inquiry.) The purpose of a point of information is to find out what
the consequences of a vote may be, or what the process involved is. For
example, "Point of information: if we make this change to the script, who
is in charge of typing it up? Do we have someone who does that?" Or,
"Point of information: What's the process after someone suggests an
amendment to my motion?"
- Division of Assembly: This is for meetings where votes are
counted by yelling, whether aye/nay, yes/no, or some other contest of the
vocal cords. If a member doubts their presiding officer's ability to count
the number of simultaneously shouted words, they can call for a division
of assembly and the vote must be retaken in another manner.
- Appeal: Does require someone to second the motion. In any case
where the presiding officer has made a decision, and the meeting has not
yet moved on to other business, a member may call for an appeal. For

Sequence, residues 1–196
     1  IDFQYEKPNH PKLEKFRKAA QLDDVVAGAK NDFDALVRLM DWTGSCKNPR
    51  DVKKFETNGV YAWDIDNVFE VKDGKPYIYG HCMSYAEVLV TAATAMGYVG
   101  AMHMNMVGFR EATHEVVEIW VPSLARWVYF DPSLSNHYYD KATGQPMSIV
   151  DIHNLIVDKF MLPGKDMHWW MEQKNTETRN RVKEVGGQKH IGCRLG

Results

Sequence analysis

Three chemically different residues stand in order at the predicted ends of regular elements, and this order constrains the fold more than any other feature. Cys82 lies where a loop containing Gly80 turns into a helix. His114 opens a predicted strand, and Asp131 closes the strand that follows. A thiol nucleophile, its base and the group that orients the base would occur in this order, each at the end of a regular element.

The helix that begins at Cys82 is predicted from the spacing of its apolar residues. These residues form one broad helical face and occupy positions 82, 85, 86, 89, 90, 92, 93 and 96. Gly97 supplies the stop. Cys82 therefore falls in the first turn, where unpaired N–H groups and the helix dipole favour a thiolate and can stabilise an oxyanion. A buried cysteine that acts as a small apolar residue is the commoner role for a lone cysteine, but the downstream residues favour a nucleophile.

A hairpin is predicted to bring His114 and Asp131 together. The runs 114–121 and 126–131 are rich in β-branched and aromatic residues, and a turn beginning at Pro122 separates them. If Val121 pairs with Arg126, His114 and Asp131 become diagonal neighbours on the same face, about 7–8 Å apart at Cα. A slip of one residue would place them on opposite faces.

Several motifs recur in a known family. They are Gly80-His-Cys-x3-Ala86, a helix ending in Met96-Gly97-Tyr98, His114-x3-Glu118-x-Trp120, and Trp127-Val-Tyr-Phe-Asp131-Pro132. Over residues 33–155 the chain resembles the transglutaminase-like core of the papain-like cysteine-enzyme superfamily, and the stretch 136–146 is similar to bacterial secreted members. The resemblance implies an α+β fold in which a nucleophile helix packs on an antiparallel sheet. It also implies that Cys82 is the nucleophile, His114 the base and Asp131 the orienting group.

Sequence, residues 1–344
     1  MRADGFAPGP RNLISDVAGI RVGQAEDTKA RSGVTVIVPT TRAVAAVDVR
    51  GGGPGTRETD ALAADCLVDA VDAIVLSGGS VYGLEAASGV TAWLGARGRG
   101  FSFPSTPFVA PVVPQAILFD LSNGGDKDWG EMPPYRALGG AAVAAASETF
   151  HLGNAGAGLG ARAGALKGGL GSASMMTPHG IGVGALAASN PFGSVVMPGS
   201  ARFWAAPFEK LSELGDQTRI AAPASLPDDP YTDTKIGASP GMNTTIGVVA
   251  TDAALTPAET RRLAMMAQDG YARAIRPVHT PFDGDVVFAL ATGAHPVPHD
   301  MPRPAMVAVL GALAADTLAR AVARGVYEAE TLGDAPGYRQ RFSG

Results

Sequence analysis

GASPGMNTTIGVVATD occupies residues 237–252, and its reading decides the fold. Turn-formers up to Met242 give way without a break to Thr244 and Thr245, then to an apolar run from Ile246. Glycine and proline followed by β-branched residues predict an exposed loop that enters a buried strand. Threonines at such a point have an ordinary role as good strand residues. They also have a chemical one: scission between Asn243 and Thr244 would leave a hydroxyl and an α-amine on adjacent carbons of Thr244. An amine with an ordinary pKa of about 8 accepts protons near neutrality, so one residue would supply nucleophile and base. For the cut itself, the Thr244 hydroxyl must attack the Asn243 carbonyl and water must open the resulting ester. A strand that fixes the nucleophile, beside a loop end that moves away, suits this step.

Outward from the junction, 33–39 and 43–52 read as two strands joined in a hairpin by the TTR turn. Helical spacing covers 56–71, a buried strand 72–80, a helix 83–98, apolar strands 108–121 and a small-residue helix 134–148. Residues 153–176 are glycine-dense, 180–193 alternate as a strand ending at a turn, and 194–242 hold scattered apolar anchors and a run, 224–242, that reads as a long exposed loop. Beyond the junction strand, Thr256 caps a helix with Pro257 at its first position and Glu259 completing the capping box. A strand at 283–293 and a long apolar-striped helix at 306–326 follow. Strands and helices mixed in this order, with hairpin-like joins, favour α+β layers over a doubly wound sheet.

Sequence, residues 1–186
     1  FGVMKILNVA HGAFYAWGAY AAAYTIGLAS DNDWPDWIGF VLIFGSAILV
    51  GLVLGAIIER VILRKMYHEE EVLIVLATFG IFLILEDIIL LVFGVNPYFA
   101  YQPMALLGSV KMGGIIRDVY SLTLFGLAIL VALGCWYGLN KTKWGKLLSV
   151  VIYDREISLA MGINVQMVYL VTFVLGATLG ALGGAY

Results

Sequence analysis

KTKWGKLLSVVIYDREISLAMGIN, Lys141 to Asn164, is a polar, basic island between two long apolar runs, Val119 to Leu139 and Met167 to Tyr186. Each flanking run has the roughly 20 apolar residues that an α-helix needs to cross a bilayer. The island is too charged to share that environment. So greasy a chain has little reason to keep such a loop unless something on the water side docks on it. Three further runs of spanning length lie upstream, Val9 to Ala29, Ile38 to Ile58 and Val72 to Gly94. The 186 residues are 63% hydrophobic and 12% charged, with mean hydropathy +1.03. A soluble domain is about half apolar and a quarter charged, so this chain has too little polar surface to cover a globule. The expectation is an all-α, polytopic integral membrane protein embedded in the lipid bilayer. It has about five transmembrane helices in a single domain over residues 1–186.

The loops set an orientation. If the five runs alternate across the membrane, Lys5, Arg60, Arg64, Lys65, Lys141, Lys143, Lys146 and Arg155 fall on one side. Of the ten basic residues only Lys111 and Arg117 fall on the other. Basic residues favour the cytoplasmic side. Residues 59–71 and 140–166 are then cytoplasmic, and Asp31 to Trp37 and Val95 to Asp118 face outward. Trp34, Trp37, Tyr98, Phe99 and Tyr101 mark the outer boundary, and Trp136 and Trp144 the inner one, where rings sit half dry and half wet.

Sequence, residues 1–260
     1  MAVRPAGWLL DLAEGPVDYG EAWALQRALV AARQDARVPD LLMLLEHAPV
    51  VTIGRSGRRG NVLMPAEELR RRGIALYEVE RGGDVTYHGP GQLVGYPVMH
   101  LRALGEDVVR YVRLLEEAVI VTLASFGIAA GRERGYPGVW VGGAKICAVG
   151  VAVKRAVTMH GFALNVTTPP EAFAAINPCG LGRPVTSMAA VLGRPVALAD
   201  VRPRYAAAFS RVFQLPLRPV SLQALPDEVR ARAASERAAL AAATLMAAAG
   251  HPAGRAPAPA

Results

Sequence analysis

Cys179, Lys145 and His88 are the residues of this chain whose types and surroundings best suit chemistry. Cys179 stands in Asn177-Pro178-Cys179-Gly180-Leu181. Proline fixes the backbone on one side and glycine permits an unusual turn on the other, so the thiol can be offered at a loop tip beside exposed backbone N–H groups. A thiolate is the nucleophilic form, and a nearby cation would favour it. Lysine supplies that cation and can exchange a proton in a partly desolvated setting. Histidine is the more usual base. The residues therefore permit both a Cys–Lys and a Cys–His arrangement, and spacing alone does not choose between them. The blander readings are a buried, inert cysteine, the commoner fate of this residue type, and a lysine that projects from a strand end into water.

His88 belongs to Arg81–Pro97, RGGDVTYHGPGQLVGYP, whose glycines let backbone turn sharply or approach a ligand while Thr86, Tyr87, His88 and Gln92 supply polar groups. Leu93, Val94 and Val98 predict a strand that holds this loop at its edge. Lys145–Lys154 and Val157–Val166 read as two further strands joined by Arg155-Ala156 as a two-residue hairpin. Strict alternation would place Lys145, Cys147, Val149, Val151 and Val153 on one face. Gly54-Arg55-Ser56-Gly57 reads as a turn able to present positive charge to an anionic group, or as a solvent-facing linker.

example: "I'd like to appeal that decision: I don't think we actually need
a division of assembly, since nobody voted against the motion."
Appeal is the only incidental motion that requires someone to second it;
it can also be debated. The motions that can't be debated are:
- Recess: If a motion is on the table, Recess is a
privileged motion -- that is, a member can interrupt business and ask for
a break right then and there. If there is nothing else on the table, this
is proposed like any other motion. "I'd like to call for a twenty-minute
recess." All in favor?
- Orders of the Day: As above.
- Division of the Assembly: As above.
- Lay on the Table: "I'd like to table this motion until next
meeting so I can get more information about it." This can only be applied
to a motion that is currently being discussed, not (for example) to the
rest of the meeting, the treasurer's report, or the report of a committee.
The meeting then votes on whether to table it. A motion to table a given
item under discussion can only be made once in a meeting unless something
urgent comes up (such as the end of the meeting) or a lot of progress has
been made in the discussion since the first motion to table was made.
If a motion to table includes a time -- for example, "Let's table this